(Bloomberg Opinion) -- As President Donald Trump struggles to confront racial injustice and an epidemic, his approval ratings and polling performance against Democratic rival Joe Biden are plunging. House Speaker Nancy Pelosi is tightening the screws with legislation focused on health care, a Trump weakness even before Covid-19.
A new bill, expected to pass Monday, would bolster the Affordable Care Act's individual insurance market by making subsidies under Obamacare more widely available and encourage more states to expand Medicaid. The legislation's cost would be offset by ambitious drug-pricing provisions that were part of a previously passed bill and would further reduce insurance premiums and drug costs for the entire country.
It's the first broad health measure to be put forward in a while, and the timing isn’t a mistake. It comes days after the Trump administration reiterated its support for a lawsuit headed to the Supreme Court that would strike down the ACA, an increasingly popular policy that’s now providing coverage for over 20 million during a pandemic. And while the bill is likely dead on arrival in the Senate, it will still be an effective political weapon.
Making individual health insurance more affordable, boosting Medicaid's crucial safety net, and cutting drug prices is an appealing policy goal at any time. It's particularly vital right now.
People often fall back on the individual insurance market and Medicaid when they lose access to employer-based insurance, as many have now amid the massive job losses caused by the economic shock of the pandemic. With Covid case counts surging in many parts of the country, the transition need to be as smooth as possible.
An additional 154,000 people signed up for insurance on healthcare.gov this year due to job loss , a 46% increase over 2019. That figure doesn't include 13 states, including California and New York, that independently run their insurance exchanges. Medicaid is proving to be an even more crucial backstop. As of May, the program covers nearly a million more people in just 15 states that have reported updated enrollment data.
The pandemic-specific benefits of Obamacare expand beyond those who directly get coverage. Its popular protections for those with pre-existing conditions ensure that people who suffer long term complications from Covid can't be discriminated against by insurers in the future. It also limits bills for those that get sick and require extensive care. More people are benefiting from the law and seeing the limits of employer-based insurance every day, and the number is likely to grow in the months to come, given the current trajectory of the pandemic.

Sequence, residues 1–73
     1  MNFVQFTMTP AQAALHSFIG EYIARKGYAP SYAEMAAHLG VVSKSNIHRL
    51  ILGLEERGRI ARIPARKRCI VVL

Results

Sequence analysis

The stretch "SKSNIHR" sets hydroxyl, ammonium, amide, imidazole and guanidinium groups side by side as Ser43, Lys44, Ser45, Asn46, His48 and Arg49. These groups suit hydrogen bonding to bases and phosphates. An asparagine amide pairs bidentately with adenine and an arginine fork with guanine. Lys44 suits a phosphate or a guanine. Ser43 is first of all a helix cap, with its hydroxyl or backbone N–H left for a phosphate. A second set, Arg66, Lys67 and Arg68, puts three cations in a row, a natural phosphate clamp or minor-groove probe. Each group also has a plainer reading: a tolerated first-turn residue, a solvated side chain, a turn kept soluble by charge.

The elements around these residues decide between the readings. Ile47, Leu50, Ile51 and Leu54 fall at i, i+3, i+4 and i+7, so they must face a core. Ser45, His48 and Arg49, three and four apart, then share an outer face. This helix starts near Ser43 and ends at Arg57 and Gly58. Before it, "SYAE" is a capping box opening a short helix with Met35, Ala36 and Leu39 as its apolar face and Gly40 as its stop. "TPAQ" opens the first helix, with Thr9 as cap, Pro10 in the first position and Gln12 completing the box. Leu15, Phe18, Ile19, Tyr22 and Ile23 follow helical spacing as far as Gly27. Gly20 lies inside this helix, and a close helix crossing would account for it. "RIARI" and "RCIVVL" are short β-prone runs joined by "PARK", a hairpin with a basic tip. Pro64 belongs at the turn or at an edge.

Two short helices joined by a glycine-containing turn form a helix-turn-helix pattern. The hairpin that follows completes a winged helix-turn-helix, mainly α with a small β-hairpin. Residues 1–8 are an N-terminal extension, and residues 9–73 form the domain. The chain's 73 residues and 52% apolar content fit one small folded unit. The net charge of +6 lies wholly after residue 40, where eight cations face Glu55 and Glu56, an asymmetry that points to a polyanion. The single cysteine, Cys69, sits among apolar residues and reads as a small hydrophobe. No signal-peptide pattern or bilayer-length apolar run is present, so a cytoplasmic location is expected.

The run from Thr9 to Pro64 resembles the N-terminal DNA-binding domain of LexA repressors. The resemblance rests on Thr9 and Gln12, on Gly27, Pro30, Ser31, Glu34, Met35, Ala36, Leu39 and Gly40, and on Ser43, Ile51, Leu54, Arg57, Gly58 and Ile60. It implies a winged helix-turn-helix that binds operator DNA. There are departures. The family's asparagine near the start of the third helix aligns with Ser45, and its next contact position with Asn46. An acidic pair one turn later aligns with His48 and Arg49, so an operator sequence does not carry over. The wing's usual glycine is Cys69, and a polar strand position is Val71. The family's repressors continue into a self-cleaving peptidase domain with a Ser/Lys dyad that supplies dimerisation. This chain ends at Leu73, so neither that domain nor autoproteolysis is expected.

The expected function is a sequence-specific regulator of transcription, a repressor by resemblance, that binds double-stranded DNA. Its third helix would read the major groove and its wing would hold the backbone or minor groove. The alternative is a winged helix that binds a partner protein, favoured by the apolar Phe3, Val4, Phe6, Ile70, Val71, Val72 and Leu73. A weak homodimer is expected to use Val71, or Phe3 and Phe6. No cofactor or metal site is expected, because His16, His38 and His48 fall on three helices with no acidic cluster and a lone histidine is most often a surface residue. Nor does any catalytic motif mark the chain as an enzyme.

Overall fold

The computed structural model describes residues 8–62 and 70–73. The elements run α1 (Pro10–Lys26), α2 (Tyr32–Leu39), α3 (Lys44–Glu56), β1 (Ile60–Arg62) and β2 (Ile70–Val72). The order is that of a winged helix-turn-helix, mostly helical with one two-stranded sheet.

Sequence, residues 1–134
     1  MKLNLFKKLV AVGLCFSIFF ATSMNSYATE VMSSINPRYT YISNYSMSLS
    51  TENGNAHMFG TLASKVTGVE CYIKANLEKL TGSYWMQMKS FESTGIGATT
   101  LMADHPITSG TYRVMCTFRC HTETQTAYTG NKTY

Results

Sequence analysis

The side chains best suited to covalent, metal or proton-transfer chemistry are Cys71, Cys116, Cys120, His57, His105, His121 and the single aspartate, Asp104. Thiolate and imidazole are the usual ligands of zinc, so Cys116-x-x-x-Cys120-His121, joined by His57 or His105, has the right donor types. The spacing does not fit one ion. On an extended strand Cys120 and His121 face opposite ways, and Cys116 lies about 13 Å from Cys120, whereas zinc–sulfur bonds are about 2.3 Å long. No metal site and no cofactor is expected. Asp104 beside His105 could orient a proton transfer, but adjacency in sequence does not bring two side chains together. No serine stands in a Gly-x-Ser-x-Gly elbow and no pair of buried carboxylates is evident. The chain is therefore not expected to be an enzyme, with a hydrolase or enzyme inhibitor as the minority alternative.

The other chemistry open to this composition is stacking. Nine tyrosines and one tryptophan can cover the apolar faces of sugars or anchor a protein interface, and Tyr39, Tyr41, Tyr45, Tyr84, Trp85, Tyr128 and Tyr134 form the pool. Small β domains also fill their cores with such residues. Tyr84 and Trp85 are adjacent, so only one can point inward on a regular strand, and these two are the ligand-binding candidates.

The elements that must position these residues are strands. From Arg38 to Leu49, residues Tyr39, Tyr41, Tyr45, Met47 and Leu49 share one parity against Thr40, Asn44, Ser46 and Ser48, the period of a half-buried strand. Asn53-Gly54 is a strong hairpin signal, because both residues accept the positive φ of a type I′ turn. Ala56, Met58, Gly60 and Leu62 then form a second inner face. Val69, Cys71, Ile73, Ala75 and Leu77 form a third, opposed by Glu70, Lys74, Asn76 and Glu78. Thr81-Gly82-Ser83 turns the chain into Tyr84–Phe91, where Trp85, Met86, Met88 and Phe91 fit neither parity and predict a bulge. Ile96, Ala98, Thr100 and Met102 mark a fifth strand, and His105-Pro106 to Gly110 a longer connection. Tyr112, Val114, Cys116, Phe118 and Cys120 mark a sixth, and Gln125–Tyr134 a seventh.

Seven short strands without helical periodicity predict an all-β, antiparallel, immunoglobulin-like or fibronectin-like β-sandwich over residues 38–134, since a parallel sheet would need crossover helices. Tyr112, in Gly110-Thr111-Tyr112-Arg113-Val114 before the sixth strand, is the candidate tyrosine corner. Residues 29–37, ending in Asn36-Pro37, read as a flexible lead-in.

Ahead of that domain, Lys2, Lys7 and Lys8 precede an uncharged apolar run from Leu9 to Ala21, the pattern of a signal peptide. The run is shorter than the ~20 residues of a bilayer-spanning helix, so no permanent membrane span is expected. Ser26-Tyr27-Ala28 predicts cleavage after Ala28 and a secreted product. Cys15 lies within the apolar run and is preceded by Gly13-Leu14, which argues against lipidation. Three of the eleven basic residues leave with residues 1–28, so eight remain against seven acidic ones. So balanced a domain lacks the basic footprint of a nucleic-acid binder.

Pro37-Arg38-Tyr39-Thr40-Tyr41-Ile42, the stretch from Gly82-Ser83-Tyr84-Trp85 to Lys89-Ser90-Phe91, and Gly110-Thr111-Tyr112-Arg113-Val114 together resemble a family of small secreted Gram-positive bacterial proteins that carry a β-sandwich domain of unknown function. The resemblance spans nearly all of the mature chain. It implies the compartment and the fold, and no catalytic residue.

Against that backdrop, the administration's continuing quest to eliminate the ACA is difficult to justify on a political or policy front. Even red states such as Idaho, Montana, and Utah have expanded Medicaid in recent years, and Oklahoma and Missouri may do the same via ballot initiative. Eliminating the law would contribute further to the yawning economic and racial health care disparities that have helped Covid hit communities of color so hard. Trump and congressional Republicans still haven't bothered to come up with an alternative plan.
The Supreme Court likely won't decide on the ACA case before November. However, oral arguments in October may remind voters of the administration's priorities. Biden's campaign is likely to keep the issue fresh in their minds, using both Pelosi's bill and his own more ambitious proposal to expand coverage.
The administration's long-running effort to gut the ACA helped Democrats win the House back in 2018. It's even more misguided now and likely to be even more damaging from an electoral perspective in November.
This column does not necessarily reflect the opinion of the editorial board or Bloomberg LP and its owners.
Max Nisen is a Bloomberg Opinion columnist covering biotech, pharma and health care. He previously wrote about management and corporate strategy for Quartz and Business Insider.
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